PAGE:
The psychologist I think called him out on his true thoughts when she asked him whether he’d have a problem with a heterosexual couple doing the same thing. O’Reilly says that he have no problem with it, but does with this because it isn’t “socially accepted behavior.” Yet, O’Reilly also keeps saying that he thinks people should be keeping their sexual life behind closed doors. These two statements don’t match up. If he really thinks the latter thing, he should be saying that the school should abolish the cutest couple section altogether.

So, O’Reilly thinks that people should keep their sexual life private, but also has no problem with a heterosexual couple being picked as cutest couple, since it’s “socially accepted.” These statements, made within minutes of each other, don’t add up, O’Reilly!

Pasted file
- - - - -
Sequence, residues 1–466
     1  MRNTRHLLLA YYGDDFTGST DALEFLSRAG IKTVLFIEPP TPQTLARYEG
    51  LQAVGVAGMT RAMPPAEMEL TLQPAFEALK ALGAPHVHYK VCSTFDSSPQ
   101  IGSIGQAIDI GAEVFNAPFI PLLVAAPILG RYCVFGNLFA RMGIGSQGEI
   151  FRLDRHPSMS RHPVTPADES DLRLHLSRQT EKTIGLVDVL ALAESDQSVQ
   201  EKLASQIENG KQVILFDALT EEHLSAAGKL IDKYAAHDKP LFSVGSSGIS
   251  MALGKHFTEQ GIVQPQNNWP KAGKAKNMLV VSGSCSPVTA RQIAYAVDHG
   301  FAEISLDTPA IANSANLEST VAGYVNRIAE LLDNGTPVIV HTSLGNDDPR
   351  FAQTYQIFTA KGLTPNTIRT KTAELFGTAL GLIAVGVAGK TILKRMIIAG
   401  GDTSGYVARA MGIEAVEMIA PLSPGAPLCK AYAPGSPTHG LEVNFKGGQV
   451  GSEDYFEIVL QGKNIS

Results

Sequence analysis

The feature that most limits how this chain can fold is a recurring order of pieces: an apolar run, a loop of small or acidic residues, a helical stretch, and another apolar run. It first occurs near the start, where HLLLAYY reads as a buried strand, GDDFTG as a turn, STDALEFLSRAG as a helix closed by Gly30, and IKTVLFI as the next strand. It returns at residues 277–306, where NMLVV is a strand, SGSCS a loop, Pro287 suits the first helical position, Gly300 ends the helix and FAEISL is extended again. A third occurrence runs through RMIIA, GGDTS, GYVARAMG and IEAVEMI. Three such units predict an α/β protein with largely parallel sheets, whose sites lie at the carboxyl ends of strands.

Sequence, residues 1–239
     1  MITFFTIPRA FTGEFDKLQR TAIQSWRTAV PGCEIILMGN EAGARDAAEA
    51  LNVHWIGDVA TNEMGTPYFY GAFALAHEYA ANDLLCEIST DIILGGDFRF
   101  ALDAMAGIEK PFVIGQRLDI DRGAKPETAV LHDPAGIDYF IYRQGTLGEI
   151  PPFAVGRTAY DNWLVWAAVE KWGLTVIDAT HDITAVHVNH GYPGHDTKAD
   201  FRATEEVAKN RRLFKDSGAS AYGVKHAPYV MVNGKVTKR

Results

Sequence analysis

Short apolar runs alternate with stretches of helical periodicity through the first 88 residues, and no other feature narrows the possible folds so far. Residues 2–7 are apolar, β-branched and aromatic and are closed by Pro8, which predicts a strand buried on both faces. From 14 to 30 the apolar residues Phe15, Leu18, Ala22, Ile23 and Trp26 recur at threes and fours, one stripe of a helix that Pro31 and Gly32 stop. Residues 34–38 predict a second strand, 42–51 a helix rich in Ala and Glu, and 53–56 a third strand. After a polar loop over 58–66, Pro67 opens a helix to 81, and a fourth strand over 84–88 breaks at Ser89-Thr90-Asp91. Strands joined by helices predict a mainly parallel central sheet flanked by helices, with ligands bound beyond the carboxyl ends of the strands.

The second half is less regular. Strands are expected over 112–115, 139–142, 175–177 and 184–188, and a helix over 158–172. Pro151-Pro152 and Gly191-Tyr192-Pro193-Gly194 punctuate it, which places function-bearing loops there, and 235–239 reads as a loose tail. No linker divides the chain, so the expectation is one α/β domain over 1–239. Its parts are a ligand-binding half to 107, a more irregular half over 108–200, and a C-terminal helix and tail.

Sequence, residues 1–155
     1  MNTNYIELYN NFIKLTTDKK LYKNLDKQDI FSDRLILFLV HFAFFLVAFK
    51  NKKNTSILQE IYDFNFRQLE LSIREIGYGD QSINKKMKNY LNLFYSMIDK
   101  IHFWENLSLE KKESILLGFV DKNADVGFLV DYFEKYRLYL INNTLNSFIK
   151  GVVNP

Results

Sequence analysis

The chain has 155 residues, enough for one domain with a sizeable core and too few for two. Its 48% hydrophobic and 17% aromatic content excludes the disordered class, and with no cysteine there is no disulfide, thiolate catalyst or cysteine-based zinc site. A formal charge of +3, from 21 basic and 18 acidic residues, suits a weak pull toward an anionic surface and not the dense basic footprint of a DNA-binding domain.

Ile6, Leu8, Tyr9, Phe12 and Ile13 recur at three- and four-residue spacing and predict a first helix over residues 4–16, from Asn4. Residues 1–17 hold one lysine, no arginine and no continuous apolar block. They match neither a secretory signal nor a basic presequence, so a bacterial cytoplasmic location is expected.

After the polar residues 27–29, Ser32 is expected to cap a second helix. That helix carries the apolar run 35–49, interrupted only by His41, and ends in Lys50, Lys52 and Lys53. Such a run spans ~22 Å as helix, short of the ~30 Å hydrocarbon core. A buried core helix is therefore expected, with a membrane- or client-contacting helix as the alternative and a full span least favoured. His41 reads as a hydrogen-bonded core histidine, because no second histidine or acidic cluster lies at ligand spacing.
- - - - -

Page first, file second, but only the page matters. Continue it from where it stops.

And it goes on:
Now, on the other hand, I have no problem with cutest couple sections, or who gets picked for them. It’s a non-issue, really. So, I don’t know why “Mr. I Don’t Have Problems with Homosexuals but Make Conflicting Statements” does.

 

Dymersion Video: From the Studio

Posted by Mike Merritt in Dymersion Video on | No Comments

In this week’s episode of Dymersion Video, I go quasi-professional. Coming to you from my school’s TV studio, I present an editorial on the inability of Congress and the President to make this country better.

By the way, sorry for sounding so monotone and kind of boring.  Consider that it’s like my second time on camera in a TV studio, having to read from a teleprompter.  I plan on doing this again, and hopefully next time I’ll be better.